Click above for a high-res gallery of the LS9

General Motors has announced that the blown beastie that lives under the hood of the Corvette ZR1 will be available as a crate motor next fall and our head is spinning with the swap possibilities.

With 639 hp and 604 lb.-ft. of twist available from the 6.2-liter supercharged V8, and dimensions shared by the LS3, any number of vehicles could make a happy home for the LS9. According to GM, the engine comes fully dressed, with an ignition system, exhaust manifolds and supercharger, and only needs an external oil tank and coolant tank (for the charge cooler), an ECU and wiring harness.

So, the question is: what would you fit the LS9 into? We've put together a poll after the jump, but feel free to add your own suggestions in the comments.

[Source: GM via MotiveMag]



LAS VEGAS - The LS9 6.2L supercharged V-8 is the power behind the most powerful and fastest production car in GM's history - the 2009 Corvette ZR1. In the third quarter of 2009, it will be available as a complete crate engine package from GM Performance Parts. It delivers a stunning 638 horsepower (476 kW) and 604 lb.-ft. of torque (819 Nm).

The LS9 crate engine will be the ideal all-in package for enthusiasts and racers who want the ultimate LS power plant for their project cars, from resto-modified vintage Corvettes, muscle cars and street rods to late model F-bodies and "shoebox" Chevys. The supercharger and charge cooler are integrated in the engine's valley for a lower profile, allowing creative builders to fit the engine in a variety of applications with plenty of hood clearance.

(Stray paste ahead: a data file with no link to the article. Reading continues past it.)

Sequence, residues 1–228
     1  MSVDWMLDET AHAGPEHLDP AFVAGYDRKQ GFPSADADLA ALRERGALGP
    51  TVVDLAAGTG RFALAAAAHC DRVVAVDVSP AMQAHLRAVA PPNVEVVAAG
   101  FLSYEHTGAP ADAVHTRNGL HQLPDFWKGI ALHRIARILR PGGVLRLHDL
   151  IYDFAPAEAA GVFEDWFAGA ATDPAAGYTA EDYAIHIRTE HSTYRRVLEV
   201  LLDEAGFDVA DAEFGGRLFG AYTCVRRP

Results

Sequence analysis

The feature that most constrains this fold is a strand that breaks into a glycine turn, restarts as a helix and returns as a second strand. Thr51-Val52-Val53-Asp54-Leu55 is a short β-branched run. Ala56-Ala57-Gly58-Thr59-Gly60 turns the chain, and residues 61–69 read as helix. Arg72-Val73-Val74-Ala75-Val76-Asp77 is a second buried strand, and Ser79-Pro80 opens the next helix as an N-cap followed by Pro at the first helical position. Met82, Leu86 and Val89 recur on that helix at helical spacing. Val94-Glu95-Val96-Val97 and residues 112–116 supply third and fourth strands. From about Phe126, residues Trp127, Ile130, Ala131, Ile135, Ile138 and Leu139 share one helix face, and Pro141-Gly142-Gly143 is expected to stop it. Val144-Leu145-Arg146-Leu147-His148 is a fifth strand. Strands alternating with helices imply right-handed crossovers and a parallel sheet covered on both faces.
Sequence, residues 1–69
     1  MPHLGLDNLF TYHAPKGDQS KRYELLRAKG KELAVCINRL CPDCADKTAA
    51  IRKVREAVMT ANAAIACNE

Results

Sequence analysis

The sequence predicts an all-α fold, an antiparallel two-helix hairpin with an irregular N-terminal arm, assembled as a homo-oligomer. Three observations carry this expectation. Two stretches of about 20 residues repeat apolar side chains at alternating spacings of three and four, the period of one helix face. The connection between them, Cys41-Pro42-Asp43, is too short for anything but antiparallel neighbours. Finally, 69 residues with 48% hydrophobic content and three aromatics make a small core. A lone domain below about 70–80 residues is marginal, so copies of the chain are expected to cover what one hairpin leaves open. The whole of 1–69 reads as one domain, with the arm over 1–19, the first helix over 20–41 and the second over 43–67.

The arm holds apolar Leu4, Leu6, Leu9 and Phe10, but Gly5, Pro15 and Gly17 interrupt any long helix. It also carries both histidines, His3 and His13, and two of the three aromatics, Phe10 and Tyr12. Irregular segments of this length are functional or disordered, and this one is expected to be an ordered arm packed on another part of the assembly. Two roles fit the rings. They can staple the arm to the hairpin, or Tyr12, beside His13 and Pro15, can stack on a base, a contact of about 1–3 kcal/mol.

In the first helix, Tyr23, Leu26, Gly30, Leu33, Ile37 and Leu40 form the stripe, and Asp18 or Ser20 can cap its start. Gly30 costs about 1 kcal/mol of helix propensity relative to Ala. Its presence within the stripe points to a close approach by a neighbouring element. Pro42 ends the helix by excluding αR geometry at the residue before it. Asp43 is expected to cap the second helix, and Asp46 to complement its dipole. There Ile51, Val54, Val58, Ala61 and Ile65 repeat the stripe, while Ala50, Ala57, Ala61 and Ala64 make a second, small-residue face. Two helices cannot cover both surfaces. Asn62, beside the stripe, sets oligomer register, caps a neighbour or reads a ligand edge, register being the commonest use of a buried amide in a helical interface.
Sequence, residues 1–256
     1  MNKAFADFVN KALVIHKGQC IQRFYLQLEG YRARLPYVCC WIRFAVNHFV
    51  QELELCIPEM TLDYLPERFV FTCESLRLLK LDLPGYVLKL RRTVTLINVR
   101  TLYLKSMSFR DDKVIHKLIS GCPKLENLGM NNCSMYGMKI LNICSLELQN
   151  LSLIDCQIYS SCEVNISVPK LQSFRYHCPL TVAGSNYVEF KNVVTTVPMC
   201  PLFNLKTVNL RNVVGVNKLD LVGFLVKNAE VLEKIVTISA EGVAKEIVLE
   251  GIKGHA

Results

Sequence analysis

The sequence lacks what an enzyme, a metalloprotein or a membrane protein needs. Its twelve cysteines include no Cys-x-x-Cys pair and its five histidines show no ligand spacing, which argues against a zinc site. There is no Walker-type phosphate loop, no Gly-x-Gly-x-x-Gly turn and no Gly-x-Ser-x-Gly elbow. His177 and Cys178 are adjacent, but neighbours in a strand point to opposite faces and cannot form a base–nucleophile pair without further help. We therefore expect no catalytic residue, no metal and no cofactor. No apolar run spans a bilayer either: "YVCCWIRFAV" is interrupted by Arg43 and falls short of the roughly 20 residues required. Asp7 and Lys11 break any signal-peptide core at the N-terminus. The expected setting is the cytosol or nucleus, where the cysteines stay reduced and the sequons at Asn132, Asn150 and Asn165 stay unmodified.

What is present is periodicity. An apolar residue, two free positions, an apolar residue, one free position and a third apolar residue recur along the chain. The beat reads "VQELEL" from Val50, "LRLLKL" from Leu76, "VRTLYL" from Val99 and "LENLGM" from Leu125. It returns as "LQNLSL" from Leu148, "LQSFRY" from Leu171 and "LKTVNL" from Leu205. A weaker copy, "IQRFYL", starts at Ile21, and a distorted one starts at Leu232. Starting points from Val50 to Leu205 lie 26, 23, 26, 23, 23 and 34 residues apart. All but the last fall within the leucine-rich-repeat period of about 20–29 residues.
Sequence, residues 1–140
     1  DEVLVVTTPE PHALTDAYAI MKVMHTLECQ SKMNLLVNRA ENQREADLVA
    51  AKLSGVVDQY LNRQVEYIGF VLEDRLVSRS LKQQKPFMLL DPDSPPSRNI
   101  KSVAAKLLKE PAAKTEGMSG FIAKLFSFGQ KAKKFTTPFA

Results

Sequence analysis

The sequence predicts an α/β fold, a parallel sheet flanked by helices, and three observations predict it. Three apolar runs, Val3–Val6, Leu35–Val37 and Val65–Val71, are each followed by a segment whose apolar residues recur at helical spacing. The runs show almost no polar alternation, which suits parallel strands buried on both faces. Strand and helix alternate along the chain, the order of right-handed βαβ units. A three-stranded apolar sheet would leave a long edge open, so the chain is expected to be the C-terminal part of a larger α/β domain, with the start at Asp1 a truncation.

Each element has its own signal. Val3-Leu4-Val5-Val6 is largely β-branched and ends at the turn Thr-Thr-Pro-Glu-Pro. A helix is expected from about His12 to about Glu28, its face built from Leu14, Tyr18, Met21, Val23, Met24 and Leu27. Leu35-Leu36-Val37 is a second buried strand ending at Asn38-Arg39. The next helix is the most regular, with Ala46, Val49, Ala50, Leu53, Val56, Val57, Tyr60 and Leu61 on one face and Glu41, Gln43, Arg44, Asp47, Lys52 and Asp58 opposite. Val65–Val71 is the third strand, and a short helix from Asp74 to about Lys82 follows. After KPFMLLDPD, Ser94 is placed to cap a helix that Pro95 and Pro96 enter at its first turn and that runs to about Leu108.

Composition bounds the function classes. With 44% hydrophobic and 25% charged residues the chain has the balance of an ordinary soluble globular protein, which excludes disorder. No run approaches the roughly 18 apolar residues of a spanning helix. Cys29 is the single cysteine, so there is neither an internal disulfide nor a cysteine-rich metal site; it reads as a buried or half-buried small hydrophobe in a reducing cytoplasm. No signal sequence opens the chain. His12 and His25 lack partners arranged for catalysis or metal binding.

The engine's 6.2L displacement is shared with the LS3, but the LS9 is built for high-revving power with a supercharger. It uses stronger cylinder head castings and steel cylinder liners that are honed with a deck plate installed to maximize performance and cylinder sealing.

High-rpm-validated lightweight reciprocating parts, including titanium intake valves, are used, along with high-flow cylinder heads that draw the charge forced on them by a sixth-generation supercharger. A new, four-lobe rotor design delivers greater power at the low end and sustains it longer through the rpm band for broad, on-demand power, whether off-idle or at speed. A dual-brick charge cooler is integrated on a unique manifold system that mounts the "blower" in the engine's valley, with charge cooler on top.

GMPP's LS9 crate engine assembly comes fully dressed, including the ignition system, supercharger assembly, exhaust manifolds and more. It also includes the production dry-sump oil pan and provisions for the charge cooler's liquid cooling system. Builders will need an external oil tank, external coolant tank (for the charge cooler) and an ECU/wire harness.

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